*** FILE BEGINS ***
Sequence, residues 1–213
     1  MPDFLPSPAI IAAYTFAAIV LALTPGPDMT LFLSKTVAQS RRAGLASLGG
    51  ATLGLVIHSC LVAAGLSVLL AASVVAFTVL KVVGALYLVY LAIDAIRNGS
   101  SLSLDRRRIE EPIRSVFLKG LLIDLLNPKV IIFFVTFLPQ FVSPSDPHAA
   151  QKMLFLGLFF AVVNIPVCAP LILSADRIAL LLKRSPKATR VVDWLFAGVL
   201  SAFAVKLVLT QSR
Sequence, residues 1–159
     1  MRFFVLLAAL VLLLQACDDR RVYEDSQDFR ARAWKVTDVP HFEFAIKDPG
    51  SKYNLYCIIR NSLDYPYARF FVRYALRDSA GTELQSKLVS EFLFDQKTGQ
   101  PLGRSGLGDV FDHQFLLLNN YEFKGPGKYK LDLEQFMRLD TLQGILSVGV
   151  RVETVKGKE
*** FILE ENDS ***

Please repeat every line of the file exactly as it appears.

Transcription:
Sequence, residues 1–213
     1  MPDFLPSPAI IAAYTFAAIV LALTPGPDMT LFLSKTVAQS RRAGLASLGG
    51  ATLGLVIHSC LVAAGLSVLL AASVVAFTVL KVVGALYLVY LAIDAIRNGS
   101  SLSLDRRRIE EPIRSVFLKG LLIDLLNPKV IIFFVTFLPQ FVSPSDPHAA
   151  QKMLFLGLFF AVVNIPVCAP LILSADRIAL LLKRSPKATR VVDWLFAGVL
   201  SAFAVKLVLT QSR
Sequence, residues 1–159
     1  MRFFVLLAAL VLLLQACDDR RVYEDSQDFR ARAWKVTDVP HFEFAIKDPG
    51  SKYNLYCIIR NSLDYPYARF FVRYALRDSA GTELQSKLVS EFLFDQKTGQ
   101  PLGRSGLGDV FDHQFLLLNN YEFKGPGKYK LDLEQFMRLD TLQGILSVGV
   151  RVETVKGKE